March 16, 2021

Senate approves effort to clarify medical cannabis reciprocity

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New Mexico State Senate.

The New Mexico Senate approved on Monday a bill that would more narrowly define medical cannabis reciprocity by a 28-10 vote. 

Sponsored by Sen. Jerry Ortiz y Pino, D-Albuquerque, SB 340 would specify that reciprocal cannabis patients in New Mexico cannot be a local resident and that reciprocal patients must reside in the state where they are approved by a medical professional to use medical cannabis.

Ortiz y Pino said since New Mexico began honoring reciprocity with other states that have legalized medical cannabis, a number of people from Texas started obtaining authorization to use medical cannabis in California and then using that authorization in New Mexico as reciprocal patients. 

“This is a bill that is an effort at preventing some of the abuses that have begun creeping into our medical cannabis program in the state,” Ortiz y Pino said. 

While most of the comments from Senators were in support of the bill, Sen. Jacob Candelaria, D-Albuquerque, who has also served as legal counsel for the medical cannabis producer Ultra Health, took issue with the proposal. 

Candelaria, who has also been open about being a medical cannabis patient, shared his struggles with PTSD as a victim of rape when he was a child. Candelaria also said he took issue with comments from Senate Republicans inferring that many of the 108,000 patients in New Mexico are using the state’s medical cannabis program as de facto legalization. 

“I encourage us to stop making assumptions about people’s motives,” Candelaria said. 

Candelaria also unsuccessfully offered up an amendment to the bill that would have increased the amount of cannabis qualified patients can buy each day. Currently, Department of Health rules allow patients to purchase 230 units in a rolling 90-day period. The department defines a unit as one gram of flower or bud or 250 milligrams of concentrate. Candelaria’s amendment would have increased the limit to two ounces a day. Only 11 other Democrats voted in favor of the amendment. 

Regarding the bill itself, Candelaria accused the department of being overly restrictive in running the Medical Cannabis Program.

“I am shocked, Mr. President, at the length the Department of Health will go to to restrict access to medicine,” Candelaria said. “I think, Mr. President, the challenge that I and other patients have always had is that the Department of Health regulates the cannabis program, like a criminal justice program.”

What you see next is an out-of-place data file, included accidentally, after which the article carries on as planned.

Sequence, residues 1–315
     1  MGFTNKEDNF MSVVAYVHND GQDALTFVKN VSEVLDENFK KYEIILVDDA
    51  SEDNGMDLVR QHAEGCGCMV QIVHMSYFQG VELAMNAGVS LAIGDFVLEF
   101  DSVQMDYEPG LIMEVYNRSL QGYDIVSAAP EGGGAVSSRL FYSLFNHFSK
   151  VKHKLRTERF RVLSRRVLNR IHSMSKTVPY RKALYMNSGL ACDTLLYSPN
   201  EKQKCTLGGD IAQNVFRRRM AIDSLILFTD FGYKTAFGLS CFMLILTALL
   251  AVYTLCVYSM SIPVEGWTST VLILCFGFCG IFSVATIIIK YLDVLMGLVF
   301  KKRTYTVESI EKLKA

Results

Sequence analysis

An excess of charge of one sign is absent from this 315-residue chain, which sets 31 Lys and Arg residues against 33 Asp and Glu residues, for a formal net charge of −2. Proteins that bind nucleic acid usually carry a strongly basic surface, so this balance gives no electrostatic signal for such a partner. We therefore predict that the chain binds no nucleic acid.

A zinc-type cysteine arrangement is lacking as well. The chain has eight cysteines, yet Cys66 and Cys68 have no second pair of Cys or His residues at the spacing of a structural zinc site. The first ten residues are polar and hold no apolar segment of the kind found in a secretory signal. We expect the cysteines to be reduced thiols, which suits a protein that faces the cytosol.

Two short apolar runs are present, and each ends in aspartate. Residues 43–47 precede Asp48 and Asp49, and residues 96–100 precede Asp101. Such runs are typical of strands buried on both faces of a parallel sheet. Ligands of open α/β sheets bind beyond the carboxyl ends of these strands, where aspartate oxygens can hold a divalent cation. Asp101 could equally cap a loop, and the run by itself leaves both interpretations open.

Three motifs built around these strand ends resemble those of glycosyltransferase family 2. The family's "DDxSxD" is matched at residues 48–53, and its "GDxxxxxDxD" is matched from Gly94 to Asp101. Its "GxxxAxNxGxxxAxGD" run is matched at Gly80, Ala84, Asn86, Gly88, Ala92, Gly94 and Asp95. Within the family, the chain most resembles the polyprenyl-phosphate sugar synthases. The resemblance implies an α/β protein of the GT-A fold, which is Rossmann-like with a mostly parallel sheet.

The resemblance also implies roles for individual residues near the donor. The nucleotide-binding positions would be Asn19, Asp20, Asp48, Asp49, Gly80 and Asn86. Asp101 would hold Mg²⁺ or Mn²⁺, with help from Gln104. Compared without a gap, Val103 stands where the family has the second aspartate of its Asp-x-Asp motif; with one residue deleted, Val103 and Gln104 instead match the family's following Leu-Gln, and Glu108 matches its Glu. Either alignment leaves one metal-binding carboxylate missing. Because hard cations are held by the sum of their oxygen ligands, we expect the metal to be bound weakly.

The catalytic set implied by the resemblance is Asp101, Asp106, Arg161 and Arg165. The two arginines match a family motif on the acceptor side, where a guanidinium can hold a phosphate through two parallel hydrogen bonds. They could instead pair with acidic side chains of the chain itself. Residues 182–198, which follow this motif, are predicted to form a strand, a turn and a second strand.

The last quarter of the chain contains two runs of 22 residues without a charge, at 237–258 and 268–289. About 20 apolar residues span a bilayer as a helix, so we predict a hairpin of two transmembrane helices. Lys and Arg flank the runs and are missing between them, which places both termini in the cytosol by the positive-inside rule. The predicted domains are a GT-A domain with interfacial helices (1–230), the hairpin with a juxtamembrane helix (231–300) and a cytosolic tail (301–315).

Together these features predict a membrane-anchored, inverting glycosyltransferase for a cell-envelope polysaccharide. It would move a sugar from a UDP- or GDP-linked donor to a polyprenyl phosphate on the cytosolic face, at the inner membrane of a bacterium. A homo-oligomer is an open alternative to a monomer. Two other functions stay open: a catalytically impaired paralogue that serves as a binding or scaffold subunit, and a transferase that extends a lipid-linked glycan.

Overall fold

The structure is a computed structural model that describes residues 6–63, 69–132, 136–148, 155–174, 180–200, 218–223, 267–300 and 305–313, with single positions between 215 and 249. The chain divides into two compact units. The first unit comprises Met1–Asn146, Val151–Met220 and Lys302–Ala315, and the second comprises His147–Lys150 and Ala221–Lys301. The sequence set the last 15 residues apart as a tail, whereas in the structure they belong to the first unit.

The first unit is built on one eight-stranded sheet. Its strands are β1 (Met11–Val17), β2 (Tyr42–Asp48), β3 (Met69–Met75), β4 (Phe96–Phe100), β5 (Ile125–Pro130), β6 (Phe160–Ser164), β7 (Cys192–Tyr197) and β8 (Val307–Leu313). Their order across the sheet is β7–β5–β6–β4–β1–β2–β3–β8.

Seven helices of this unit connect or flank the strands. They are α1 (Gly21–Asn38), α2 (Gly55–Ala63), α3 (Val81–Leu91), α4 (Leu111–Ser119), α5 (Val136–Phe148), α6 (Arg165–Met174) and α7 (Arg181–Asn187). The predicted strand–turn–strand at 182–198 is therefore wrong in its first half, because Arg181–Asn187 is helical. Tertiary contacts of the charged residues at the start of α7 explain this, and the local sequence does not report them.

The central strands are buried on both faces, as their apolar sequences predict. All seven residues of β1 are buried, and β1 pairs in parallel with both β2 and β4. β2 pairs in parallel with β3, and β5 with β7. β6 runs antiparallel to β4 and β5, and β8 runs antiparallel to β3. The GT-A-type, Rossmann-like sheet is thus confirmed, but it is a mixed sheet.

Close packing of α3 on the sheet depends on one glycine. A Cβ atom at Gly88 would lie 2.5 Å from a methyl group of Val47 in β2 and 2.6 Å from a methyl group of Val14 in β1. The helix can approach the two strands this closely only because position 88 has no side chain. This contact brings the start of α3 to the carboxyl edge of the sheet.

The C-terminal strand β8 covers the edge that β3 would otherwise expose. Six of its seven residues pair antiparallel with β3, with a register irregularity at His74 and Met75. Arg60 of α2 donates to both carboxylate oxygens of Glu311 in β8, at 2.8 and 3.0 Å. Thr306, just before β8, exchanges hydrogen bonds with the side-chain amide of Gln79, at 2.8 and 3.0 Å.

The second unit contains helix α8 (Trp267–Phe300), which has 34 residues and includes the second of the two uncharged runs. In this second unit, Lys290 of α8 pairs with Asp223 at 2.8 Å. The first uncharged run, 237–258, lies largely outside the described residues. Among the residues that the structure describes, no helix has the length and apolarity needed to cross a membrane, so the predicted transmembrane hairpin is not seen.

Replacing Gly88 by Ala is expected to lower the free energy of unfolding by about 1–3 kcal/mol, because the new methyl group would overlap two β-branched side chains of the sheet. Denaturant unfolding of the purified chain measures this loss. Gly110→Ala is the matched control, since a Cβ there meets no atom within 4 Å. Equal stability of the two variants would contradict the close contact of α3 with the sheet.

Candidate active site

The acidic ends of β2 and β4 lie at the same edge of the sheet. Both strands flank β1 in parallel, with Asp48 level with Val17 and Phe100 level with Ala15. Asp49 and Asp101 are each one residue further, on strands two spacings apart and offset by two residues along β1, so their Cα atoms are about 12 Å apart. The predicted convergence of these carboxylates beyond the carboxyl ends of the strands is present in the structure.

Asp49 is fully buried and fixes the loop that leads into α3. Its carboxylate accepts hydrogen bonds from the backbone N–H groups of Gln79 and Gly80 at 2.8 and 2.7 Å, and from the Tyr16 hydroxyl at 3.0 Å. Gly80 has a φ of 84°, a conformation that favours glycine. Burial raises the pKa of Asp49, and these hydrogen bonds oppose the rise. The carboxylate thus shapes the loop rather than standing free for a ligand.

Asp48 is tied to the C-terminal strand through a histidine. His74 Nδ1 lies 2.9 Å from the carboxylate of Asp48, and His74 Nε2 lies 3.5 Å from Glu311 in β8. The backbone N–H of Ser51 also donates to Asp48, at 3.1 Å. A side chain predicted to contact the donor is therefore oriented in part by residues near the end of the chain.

Candelaria has represented Ultra Health in a handful of court cases against the state, namely a legal challenge to an emergency rule that largely aimed to accomplish the same thing as SB 340. In that case, a state district judge ruled that the Department of Health improperly imposed the emergency rule change, but that the department could limit reciprocity through a proper rule change, which it has not done yet. In another pending case filed by Candelaria against the state, his client, Ultra Health, accused the state of retaliation when coming up with the current production limit of 1,750 plants. 

“I want to dispel any notion the public has, any notion the public has, that what the Department of Health does is in the best interest of patients,” Candelaria said. “It is a political agenda, nothing more.”

Sen. Jeff Steinborn, D-Las Cruces, also voted against SB 340, although he said he understood the state’s concern. 

“I think I prefer it the way it is now to allow people from other states to be able to use our program if we don’t have shortages, just on humanitarian grounds,” Steinborn said. 

Steinborn made a similar argument last year when Ortiz y Pino sponsored a bill to limit the medical cannabis program to only residents or those who are reciprocal patients

Candelaria also said he would likely file suit against the state yet again if the bill becomes law, arguing that medical cannabis patients who are qualified to grow their own product are afforded access to more cannabis than those who rely on dispensaries. 

“I think the bill we’ve just passed also, and I look forward to bringing the lawsuit to unravel this, violates my equal protection rights,” Candelaria said. 

He added that the move to limit reciprocity does not give him “a lot of faith in where we’re going on recreational legalization this year,” and suggested maybe the state “put the brakes on that.”

SB 340 heads to the House where it will need to get through the committee process and a floor vote before noon on Saturday.